Grosmont is a parish and a village in north Gwent, separated from Herefordshire by the River Monnow and with an area of some 6,800 acres. It had been over-run by the Normans by the end of the 11th century and for many years it was an important lordship, finally becoming part of the Duchy of Lancaster.
The fine Church and castle are legacies of Norman rule; there was a castle here from about 1136, although the first stonework is usually dated as early 1200 while the elegant ‘Eleanor’s Chimney’ is later work.
Saint Nicholas is one of the largest parish churches in the area with a unique Nave dating from the 13th century. The tower and spire were 14th century additions. Extensive restorations were carried out in the 19th century.
During the medieval years Grosmont was a flourishing market town but its importance declined until it lost its markets and the population dwindled. Until recently farming was the major occupation, for there were once some fifty farms; now there are only a dozen or so, although the land is still farmed – by ‘indigenous’ farmers taking up more land and by other farmers from outside the parish.
In the 19th century the population had peaked at 742 but even that would have been far below that of the days when Grosmont was an important market town. There is no industry in the parish but the village is active socially, retaining a single shop and a popular pub.
Books on the history of Grosmont
J A Bradney “History of Monmouthshire Vol 1, “The Skenfrith Hundreds” First published in 1904 but still a standard work.
“The Three Castles” Jeremy K Knight, Cadw, Welsh Historic Monuments, contains a short history of the early years of this lordship with detailed descriptions of the three castles. Sumptuously illustrated.
Minister’s accounts for the lordship of Grosmont for the year 1257, in “South Wales and Monmouth Record Society“, publications No. 3. An interpretation of the figures appears in “A year on the land in medieval Grosmont” in Gwent Local History, Number 96, Spring 2004.
“Register of Grosmont 1589 – 1812” The church registers, transcribed by J A Bradney with many footnotes – an invaluable help for family historians.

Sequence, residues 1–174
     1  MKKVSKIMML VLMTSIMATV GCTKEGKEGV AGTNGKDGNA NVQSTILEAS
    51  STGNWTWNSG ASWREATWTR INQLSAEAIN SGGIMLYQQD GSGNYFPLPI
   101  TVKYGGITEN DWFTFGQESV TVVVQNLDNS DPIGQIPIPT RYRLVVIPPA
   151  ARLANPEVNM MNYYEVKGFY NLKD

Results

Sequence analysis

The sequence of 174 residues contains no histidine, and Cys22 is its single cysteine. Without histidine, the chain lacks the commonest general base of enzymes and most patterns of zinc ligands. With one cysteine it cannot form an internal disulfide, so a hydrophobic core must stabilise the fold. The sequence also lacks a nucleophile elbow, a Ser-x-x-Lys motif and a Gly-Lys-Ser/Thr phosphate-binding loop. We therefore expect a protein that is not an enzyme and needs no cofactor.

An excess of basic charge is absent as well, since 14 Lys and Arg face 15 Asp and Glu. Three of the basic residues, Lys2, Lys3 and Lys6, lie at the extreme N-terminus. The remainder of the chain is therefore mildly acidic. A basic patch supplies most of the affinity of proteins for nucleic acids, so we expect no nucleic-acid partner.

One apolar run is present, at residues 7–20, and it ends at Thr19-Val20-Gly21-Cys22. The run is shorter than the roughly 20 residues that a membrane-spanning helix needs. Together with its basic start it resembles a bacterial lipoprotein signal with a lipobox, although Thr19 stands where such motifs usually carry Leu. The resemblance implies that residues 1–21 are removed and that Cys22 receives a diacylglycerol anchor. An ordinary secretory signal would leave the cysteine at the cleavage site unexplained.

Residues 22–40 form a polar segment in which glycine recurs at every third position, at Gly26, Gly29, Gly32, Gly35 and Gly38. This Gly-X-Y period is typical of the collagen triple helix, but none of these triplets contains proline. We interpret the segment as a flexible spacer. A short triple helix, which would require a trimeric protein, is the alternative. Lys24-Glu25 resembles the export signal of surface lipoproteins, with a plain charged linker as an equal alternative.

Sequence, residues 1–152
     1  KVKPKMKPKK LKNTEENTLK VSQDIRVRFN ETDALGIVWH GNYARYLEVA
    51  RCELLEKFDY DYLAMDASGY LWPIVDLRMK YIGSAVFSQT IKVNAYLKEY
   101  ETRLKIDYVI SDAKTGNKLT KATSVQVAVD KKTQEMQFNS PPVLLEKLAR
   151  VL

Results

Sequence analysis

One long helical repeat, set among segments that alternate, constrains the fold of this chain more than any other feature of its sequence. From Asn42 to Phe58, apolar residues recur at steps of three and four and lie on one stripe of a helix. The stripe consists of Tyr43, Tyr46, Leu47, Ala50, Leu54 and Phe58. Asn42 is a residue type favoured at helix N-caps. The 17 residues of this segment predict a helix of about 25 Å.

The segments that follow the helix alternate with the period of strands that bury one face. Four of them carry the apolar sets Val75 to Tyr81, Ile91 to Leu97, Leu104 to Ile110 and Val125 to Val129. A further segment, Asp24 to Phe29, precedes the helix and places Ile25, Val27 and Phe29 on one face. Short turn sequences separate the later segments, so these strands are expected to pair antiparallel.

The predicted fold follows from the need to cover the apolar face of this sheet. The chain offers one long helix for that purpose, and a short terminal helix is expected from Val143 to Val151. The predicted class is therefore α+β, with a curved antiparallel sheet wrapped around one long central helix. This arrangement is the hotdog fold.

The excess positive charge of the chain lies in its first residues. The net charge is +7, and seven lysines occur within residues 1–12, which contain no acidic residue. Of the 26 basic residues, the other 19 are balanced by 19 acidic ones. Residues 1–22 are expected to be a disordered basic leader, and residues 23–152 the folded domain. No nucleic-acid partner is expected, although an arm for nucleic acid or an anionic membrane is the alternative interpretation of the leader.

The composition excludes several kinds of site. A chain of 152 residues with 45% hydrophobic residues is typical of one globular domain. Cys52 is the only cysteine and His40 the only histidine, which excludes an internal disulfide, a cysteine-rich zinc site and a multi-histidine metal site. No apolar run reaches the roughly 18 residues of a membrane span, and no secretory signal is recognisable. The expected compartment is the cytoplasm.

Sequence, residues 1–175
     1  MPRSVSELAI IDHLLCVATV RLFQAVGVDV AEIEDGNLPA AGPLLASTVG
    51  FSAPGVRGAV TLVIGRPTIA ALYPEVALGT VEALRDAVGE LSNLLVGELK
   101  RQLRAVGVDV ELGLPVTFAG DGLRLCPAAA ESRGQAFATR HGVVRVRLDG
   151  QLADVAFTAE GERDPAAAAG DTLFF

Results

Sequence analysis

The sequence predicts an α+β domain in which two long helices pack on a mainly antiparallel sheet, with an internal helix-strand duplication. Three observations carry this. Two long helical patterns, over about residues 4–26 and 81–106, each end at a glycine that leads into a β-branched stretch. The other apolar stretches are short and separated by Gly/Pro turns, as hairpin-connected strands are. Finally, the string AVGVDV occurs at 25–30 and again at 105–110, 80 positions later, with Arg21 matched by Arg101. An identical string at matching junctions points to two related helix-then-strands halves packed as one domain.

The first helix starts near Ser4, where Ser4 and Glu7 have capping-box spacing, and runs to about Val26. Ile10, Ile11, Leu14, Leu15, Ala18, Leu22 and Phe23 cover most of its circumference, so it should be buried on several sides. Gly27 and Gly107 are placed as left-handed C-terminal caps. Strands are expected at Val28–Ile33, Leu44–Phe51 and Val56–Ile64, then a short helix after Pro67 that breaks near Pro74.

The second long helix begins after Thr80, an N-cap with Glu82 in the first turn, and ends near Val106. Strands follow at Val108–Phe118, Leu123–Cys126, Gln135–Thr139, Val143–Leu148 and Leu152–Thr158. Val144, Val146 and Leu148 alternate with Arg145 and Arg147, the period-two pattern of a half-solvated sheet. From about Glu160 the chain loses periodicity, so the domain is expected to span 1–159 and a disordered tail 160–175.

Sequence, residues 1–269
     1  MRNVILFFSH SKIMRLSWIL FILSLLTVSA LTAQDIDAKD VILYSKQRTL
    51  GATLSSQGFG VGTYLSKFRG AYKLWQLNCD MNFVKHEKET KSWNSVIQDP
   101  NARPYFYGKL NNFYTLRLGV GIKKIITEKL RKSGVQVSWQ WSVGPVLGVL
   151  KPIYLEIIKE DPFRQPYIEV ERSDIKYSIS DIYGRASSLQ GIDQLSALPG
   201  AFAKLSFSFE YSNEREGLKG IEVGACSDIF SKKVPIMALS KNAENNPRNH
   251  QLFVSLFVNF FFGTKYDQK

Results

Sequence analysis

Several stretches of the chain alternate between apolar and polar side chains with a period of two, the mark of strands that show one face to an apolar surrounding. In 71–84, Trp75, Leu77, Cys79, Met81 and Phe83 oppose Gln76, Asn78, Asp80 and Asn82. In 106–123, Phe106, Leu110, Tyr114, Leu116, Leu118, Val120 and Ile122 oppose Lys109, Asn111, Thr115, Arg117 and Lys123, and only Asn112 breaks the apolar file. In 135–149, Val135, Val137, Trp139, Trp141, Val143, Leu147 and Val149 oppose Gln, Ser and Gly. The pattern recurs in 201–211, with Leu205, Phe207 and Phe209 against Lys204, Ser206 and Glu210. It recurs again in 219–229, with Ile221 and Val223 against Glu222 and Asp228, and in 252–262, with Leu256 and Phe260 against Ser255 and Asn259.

“The Grosmont Map – The Landscape and Vernacular Buildings of an Elizabethan Map of 1588” by local man, Ken Palmer. The castle, church and old roadways are all identifiable on the Duchy of Lancaster estate map which was created to settle a dispute over corn mills on the Tresenny Brook.
Church guide by R A Rocyn Jones, available from the church nave.
“A Survey of the Duchy Lordships in Wales 1609-1613” includes customs, description of the manor and lists of landholders; also covers, of course, the manors of Monmouth, Skenfrith and Whitecastle.
“A Grosmont Miscellany” by Philip Morgan. Notes on the social history, including the history of farming and the changes in local government. Available in local bookshops and by phone, by post or on-line from the publishers Capella Archive at Great Malvern.
“Hidden Grosmont” by Steven Pickford, a small record of the author’s probes into the unusual parts of Grosmont and its history, charmingly told with fascinating speculations. Available from local shop.
Fred G Levett: “The story of Skenfrith, Grosmont and St Maugham’s” A collection of information on local parishes in 3 vols spoilt perhaps by his lack of references and by several errors; nevertheless well worth consulting . Only about 30 were printed so it is rare.
M N Jackson: “Bygone days in the March of Wales“. Most details are about Skenfrith but includes some interesting notes on Grosmont.
“The Battle of Grosmont, 1405: a reinterpretation“, Gwent Local History, Number 97, Autumn 2004 – analyses the raid by Glyndwr’s forces.
“The Grosmont Vestry in the 19th Century” – Phillip Morgan. Based on the Minutes of the Vestry and of the Parish Meetings, when they discussed secular matters.
See also the Bradley Collection: THE OGRE Free Welsh Genealogy